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Treatment courses and outcomes of oesophageal atresia in patients with trisomy 18: a case series of 271 patients from a nationwide database in Japan
  1. Mai Kutsukake1,2,
  2. Takaaki Konishi2,
  3. Michimasa Fujiogi2,3,
  4. Naohiro Takamoto1,2,
  5. Kaori Morita1,2,
  6. Ikuta Yasuhisa2,
  7. Yohei Hashimoto2,
  8. Hiroki Matsui2,
  9. Kiyohide Fushimi4,
  10. Jun Fujishiro1,
  11. Hideo Yasunaga2
  1. 1 Department of Pediatric Surgery, Graduate School of Medicine, The University of Tokyo, Tokyo, Japan
  2. 2 Department of Clinical Epidemiology and Health Economics, School of Public Health, The University of Tokyo, Tokyo, Japan
  3. 3 Department of Surgical Specialties, National Center for Child Health and Development, Tokyo, Japan
  4. 4 Department of Health Policy and Informatics, Tokyo Medical and Dental University, Tokyo, Japan
  1. Correspondence to Jun Fujishiro, Department of Pediatric Surgery, The University of Tokyo, Bunkyo-ku, 113-8655, Japan; fujishiroj-psu{at}


Objective To describe characteristics, treatments and clinical outcomes of patients with trisomy 18 and oesophageal atresia, using a nationwide database in Japan.

Design Descriptive study using a retrospective cohort.

Setting A nationwide inpatient database including 90% of hospitals with neonatal intensive care units in Japan.

Patients Patients hospitalised within a day after birth for both oesophageal atresia and trisomy 18 between July 2010 and March 2020.

Interventions Radical surgery for oesophageal atresia.

Main outcome measures Characteristics, treatment course and outcomes.

Results Among 271 patients with both oesophageal atresia and trisomy 18, 70 patients underwent radical surgery for oesophageal atresia. Patients who underwent radical surgery were less likely to have severe cardiac anomalies (17% vs 32%; p=0.020), but more likely to undergo cardiac surgery (21% vs 9.5%; p=0.012) than those who did not. The overall in-hospital mortality was lower (54% vs 79%; p<0.001) and the median age at death was higher (210 days vs 39 days; p<0.001) in patients who underwent radical surgery than the others. Postoperative mortality within 30 days after radical surgery was 5.7%. Patients who underwent radical surgery were likely to be discharged to home (50% vs 18%; p<0.001), whereas the age at home discharge (median 314 days vs 216 days; p=0.19) and the requirement for each home treatment did not differ significantly by radical surgery.

Conclusion This study provides information that will aid the clinical decision-making process for patients with oesophageal atresia and trisomy 18. Radical surgery may be a safe and feasible treatment option.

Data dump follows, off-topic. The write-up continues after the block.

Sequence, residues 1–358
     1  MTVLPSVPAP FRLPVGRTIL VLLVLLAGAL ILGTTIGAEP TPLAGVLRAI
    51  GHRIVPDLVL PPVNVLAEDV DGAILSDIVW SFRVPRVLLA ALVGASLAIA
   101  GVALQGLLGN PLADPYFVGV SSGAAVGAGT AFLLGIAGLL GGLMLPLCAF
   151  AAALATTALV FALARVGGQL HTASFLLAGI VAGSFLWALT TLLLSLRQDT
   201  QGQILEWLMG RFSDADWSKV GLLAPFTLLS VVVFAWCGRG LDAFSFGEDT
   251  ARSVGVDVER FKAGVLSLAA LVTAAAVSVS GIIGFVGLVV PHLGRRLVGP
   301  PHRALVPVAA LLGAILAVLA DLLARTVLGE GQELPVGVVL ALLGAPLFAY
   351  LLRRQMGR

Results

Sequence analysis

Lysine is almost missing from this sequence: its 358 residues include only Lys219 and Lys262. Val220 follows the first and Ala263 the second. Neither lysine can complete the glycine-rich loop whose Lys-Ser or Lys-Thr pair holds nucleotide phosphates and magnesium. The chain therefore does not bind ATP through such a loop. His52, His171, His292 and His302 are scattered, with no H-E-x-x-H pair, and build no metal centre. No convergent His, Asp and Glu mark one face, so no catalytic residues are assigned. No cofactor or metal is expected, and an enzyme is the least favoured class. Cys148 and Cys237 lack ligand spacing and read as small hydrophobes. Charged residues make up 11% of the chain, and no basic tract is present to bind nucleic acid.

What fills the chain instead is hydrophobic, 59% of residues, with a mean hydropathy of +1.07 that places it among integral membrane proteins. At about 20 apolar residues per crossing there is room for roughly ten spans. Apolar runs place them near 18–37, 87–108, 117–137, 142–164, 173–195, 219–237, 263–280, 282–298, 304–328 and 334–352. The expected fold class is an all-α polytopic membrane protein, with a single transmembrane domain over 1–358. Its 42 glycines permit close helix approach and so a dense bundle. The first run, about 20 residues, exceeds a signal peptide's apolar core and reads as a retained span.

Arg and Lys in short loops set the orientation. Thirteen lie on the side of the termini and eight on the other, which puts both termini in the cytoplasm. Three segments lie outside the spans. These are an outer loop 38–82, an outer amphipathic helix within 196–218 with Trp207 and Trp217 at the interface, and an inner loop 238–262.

• Mortality
  • Intensive Care Units, Neonatal

Data availability statement

No data are available.

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Data availability statement

No data are available.

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  • Contributors MK and TK contributed to the study conception and design, data curation and analysis. MF, KM, IY, JF and HY conceptualised and designed the study. YH, HM, KF and HY curated data. KF and HY acquired fundings and supervised data collection. MK wrote the first draft of the manuscript, and all the other authors critically reviewed the manuscript. All authors approved the final version of the manuscript. MK is the guarantor of this study.

  • Funding This work was supported by grants from the Ministry of Health, Labor and Welfare, Japan (23AA2003 (to HY) and 22AA2003 (to KF)) and the Ministry of Education, Culture, Sports, Science and Technology, Japan (20H03907). These grants are used for data management and English editing. The study sponsors had no role in the study design; collection, analysis and interpretation of the data; the writing of the report; or the decision to publish.

  • Competing interests None declared.

  • Provenance and peer review Not commissioned; externally peer reviewed.

  • Supplemental material This content has been supplied by the author(s). It has not been vetted by BMJ Publishing Group Limited (BMJ) and may not have been peer-reviewed. Any opinions or recommendations discussed are solely those of the author(s) and are not endorsed by BMJ. BMJ disclaims all liability and responsibility arising from any reliance placed on the content. Where the content includes any translated material, BMJ does not warrant the accuracy and reliability of the translations (including but not limited to local regulations, clinical guidelines, terminology, drug names and drug dosages), and is not responsible for any error and/or omissions arising from translation and adaptation or otherwise.